Files in this item
|(no description provided)|
|Title:||The relations between the formal structure of educational governance and classroom practice|
|Doctoral Committee Chair(s):||Westbury, Ian|
|Department / Program:||Education|
|Degree Granting Institution:||University of Illinois at Urbana-Champaign|
Education, Curriculum and Instruction
|Abstract:||It is a pervasive belief among those concerned with school governance that policy makers can and do steer school practice through such instruments as external tests and examinations, teacher evaluation systems, teacher certification codes, mandated curricula, and the like (Cohen, 1990; Cohen and Spillane, 1992). It seems that there are systematic relations between curriculum policy and classroom practice.
Stevenson and Baker (1991) explored the relationships between using the SIMS Population A data. They found that in educational systems with tight national control over curriculum, classroom teachers are more likely to teach the same mathematics curriculum than those in systems with provincial or local control over curriculum. Their findings were however derived from an analysis in which data were aggregated across courses and curriculum topics within systems.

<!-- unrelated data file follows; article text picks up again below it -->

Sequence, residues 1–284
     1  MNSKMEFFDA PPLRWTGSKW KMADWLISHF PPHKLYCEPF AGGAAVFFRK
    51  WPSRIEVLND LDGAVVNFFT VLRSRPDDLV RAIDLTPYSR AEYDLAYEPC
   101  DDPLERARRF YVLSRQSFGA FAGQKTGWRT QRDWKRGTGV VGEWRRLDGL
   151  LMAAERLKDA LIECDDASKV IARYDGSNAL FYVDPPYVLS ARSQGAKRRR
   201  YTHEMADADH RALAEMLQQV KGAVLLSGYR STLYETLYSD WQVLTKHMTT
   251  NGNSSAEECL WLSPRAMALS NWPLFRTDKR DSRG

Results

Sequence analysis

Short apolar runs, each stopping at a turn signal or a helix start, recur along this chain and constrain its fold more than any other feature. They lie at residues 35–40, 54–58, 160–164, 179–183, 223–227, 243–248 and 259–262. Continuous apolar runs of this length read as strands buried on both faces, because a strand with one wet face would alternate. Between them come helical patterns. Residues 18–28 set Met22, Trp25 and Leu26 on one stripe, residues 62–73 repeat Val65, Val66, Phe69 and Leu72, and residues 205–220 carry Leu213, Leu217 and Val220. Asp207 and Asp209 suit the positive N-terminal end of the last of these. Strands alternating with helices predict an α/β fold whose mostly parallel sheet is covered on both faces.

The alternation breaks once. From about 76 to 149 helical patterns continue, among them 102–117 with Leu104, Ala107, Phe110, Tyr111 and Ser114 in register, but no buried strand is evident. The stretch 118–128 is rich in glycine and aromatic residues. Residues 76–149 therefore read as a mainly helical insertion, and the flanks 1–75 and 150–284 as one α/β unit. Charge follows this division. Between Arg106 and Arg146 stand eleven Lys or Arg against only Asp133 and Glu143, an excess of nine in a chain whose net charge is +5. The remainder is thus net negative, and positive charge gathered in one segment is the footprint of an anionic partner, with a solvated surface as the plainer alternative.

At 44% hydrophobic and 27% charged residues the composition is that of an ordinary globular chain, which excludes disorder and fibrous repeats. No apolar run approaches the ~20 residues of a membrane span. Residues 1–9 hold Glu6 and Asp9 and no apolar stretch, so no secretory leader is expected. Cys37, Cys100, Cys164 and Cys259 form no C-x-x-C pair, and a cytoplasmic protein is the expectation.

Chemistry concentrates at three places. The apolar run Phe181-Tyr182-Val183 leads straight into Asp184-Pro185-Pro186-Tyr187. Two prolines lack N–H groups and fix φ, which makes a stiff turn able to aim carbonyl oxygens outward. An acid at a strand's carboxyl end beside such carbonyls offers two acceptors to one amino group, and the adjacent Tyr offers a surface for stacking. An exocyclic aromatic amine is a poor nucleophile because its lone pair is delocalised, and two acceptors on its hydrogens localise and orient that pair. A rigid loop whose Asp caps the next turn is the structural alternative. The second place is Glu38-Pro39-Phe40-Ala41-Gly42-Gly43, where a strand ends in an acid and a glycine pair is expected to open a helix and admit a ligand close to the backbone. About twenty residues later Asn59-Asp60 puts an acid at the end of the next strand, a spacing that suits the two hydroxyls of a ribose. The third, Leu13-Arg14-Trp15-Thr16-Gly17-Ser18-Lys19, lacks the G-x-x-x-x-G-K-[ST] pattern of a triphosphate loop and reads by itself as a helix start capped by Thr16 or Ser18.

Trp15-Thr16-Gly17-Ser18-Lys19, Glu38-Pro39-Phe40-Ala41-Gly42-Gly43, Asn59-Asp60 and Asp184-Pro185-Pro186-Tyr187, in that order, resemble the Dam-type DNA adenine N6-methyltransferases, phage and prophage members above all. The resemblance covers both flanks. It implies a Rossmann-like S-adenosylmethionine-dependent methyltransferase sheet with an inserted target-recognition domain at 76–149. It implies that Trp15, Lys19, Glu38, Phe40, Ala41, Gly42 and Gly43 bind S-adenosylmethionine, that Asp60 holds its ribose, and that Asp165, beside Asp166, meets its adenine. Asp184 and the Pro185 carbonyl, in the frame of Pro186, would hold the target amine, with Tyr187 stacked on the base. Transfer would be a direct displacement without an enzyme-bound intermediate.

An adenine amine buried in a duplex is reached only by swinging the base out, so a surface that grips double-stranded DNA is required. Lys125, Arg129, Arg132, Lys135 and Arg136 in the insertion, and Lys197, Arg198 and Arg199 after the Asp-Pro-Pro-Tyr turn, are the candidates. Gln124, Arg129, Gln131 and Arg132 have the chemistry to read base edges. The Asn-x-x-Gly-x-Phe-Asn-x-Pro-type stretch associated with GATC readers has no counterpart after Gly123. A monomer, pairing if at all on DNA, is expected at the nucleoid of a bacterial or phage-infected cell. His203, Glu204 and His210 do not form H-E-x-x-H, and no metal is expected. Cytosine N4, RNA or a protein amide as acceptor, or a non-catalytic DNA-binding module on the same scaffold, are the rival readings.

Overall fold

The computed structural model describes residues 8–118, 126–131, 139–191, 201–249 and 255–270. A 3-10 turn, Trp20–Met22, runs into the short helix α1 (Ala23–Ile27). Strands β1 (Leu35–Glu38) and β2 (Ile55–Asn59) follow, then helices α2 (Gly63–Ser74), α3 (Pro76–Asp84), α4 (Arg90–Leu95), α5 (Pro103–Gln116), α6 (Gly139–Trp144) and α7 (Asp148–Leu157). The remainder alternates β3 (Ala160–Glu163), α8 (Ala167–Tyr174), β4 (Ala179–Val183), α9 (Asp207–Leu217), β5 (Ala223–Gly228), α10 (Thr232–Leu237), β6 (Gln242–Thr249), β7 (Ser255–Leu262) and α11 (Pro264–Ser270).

In this study, we examined the relations between governance structures and classroom practice using the SIMS Population A and Population B data. We used the variation of content coverage within individual courses in each system to examine our research question and the SIMS topical areas as criteria. The study found that there are no systematic associations between patterns of coverage variation and level of control of curriculum. It seems that coverage variation is not associated with the formal structure but with curriculum itself, a framework which determines patterns of content coverage and creates the context for the classroom teaching practices.
Finally, we used Meyer's "institutional theory" to interpret the findings. The resource of authority and control within schooling does not derive from its "skeleton" or internal framework (i.e., its organization) but from an "exoskeleton" of shared social understandings held in common in a culture or social system (i.e., its institutional framework).
|Rights Information:||Copyright 1993 Hsu, Chao-Sheng|
|Date Available in IDEALS:||2011-05-07|
|Identifier in Online Catalog:||AAI9411654|